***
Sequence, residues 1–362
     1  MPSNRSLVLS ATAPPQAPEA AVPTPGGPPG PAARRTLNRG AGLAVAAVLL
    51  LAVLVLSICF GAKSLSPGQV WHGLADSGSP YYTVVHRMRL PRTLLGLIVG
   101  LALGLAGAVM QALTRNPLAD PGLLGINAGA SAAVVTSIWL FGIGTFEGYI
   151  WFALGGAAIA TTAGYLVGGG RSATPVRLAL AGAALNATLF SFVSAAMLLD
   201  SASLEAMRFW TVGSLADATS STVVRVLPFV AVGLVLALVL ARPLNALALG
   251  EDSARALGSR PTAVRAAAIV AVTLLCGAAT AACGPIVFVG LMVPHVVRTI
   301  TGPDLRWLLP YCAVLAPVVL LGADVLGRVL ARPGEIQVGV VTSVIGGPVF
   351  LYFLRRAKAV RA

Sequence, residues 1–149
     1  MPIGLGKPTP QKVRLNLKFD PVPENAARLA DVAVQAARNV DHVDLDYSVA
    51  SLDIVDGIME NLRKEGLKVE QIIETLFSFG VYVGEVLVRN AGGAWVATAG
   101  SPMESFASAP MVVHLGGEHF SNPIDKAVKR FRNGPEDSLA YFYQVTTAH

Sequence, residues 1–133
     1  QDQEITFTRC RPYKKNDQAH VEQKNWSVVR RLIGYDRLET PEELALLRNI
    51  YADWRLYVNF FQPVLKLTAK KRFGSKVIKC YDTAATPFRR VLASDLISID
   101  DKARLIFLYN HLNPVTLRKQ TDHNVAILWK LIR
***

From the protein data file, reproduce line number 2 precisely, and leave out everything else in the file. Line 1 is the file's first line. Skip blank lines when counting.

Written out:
     1  MPSNRSLVLS ATAPPQAPEA AVPTPGGPPG PAARRTLNRG AGLAVAAVLL